> the "feeling" is just generic surprise at an unexpected effect
Oh, you have a good point there. Haven't thought about it being that simple.
 
In other words, I don't think the physiological response is unique at all. It's just that you can put it in context
 
Not sure I follow. Of course it's not unique, it's pretty widespread. Also, can you elaborate more on how "context" is having a play here? I might be missing something pretty simple.
Oh, wait, I think I understand why you said it's not unique. It's just that it's one of many types of surprises, right?
 
4:26 PM
Yep. "I interact with thousands and thousands of people, you live on the other side of the world, but it's you again that I've bumped into?!". The reality (like 6 degrees of separation) is relatively easily explained, but we have an innate ability to understand quantities; even babies that can't speak can be surprised when the number of things don't add up [citation needed - searching]
 
Ahh I see.
 
Note: annoying amount of ads but this cites a lot of studies about baby math
 
I don't see any ads. Yay ad-blocker :P
Hmm.. I don't like that the test image was substantially different from the habituation image. It should've depicted the same objects, just different amounts.
It doesn't mention to what extent they used the standard objects as opposed to deviant objects.
 
I think I read/heard somewhere that this is why babies are so entertained by peak-a-boo because you reinforce their innate understanding that you'll re-emerge with only one head (paraphrased). Adding an extra prosthetic head while hiding is probably not a good idea
 
Hmm that's interesting
 
4:36 PM
Although, that would be traumatising on lots of levels, so signal-to-noise is probably quite low :P
Or maybe that was more around the concept of object permanence than quantities
 
Laurel. I hope the babies that were test subjects weren't left with innate sense of people having differing amount of heads each time they saw them.
@roganjosh Well that would make more sense to me actually
 
@roganjosh I thought it was about object permanence
i.e. young enough kids will think you're gone from this universe when they can't see you
 
I think it was between a couple of lines. Like, you take a teddy, make them aware of it, then hide it, then reveal two teddies and they go "what the yam?"
 
yeah, that's another one
that's the "can babies count" angle the linked article discusses
There's also an age range when they can comprehend small numbers but not volume proportionality. So if you have two cookies and the kid has one cookie and protests, you can break their cookie in two, "See, now you also have two cookies" and they'll be content with that outcome.
 
Ooo, I didn't know that one
 
4:45 PM
Child brains are fascinating :) There are a lot of exciting experiments, probably also on youtube. Put a toddler on a table with a glass inlay, and smaller babies will just crawl across it. Older ones will stop on the edge of the glass, careful not to fall off into the perceived gap.
there's also the fun "baby sees mother's identical twin sister for the first time" video :)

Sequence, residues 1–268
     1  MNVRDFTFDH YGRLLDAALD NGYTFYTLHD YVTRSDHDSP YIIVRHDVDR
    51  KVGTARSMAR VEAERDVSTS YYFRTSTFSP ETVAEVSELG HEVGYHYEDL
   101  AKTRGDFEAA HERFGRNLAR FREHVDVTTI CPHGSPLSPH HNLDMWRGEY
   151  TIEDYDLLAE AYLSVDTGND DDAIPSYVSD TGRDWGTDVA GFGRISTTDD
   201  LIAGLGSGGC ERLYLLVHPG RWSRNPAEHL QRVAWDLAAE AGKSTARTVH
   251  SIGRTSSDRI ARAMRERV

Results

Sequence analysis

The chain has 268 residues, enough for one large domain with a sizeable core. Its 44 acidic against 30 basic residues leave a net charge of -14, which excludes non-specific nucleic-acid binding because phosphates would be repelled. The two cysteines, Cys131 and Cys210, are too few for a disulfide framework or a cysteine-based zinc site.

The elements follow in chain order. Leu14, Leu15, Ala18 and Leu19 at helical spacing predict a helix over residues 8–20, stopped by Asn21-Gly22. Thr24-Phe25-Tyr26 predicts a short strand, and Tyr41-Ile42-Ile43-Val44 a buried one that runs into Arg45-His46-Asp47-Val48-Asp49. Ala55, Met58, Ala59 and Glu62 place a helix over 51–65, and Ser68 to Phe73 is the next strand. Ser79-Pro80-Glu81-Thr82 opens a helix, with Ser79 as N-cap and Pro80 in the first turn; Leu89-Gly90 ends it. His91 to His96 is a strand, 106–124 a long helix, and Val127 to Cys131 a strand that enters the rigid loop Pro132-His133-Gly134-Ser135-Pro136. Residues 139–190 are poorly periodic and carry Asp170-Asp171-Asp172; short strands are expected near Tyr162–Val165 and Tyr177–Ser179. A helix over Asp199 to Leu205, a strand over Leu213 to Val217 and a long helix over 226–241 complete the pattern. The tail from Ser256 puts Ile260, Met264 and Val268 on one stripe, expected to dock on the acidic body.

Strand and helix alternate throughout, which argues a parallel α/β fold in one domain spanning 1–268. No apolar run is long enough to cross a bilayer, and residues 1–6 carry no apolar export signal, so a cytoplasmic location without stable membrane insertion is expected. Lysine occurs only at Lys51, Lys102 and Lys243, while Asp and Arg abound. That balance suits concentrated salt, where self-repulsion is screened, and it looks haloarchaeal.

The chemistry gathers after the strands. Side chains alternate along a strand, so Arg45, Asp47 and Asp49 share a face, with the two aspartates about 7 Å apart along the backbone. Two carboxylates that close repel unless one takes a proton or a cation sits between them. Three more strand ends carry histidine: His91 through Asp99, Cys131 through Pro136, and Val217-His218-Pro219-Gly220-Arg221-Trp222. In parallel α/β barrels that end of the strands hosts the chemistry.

I've mentioned it before but on the subject of YouTube, if you didn't know, Mind Field released all their episodes for free (they may since have made more that aren't). They're epic.
 
Never heard of it (I may have forgotten your mention :P). I'll try not to forget to look it up, thanks
 
@roganjosh Ooh that's awesome
I must do a marathon on it :P
 
@AndrasDeak I mentioned it a while back because they actually put people through the Trolley Problem scenario and (maybe because I'm a geek) I felt I was living through it with them as they had to make their decision. In others they have people in pain from a laser pointer thinking it's a treatment, and they put kids through a fake MRI and it fixes debilitating conditions. It's crazy good.
 
fake MRI is doubly fake treatment...
 
4:53 PM
(they also go through ethics boards - it's not some hack job lol)
@AndrasDeak that one is to kids. But in reality I think there'd be a lot of adults that would fall for that
 
5:52 PM
@Janith As far as I know everything in Python is in userspace. As for the "ring buffer" part, you might be able to just use collections.deque(maxsize=ringsize).
 
6:27 PM
@roganjosh It's not a matter of falling for things. The placebo effect is even observed among subjects sho have been told their treatment is placebo!
 
@DzITC hello to you too. Please see the room rules in regards to linking to questions on main (you should wait at least 48 hours). In addition, please don't approach chat as a solution factory
 
6:47 PM
@holdenweb That's where things start to get spooky because computers can see things our intuition can't (if there's enough data)
 
7:16 PM
Computers can see things we physically can't too, though arguably only because of limited processing power. Computers are beginning to "see around corners" by analysing the impact on a scene of reflected light from out-of-scene objects. I don't know how much further this has gone in the last eight years.
 
7:27 PM
I must say you stumble onto some really interesting convosations here
 
 
1 hour later…
8:32 PM
 

« first day (3661 days earlier)      last day (31 days later) »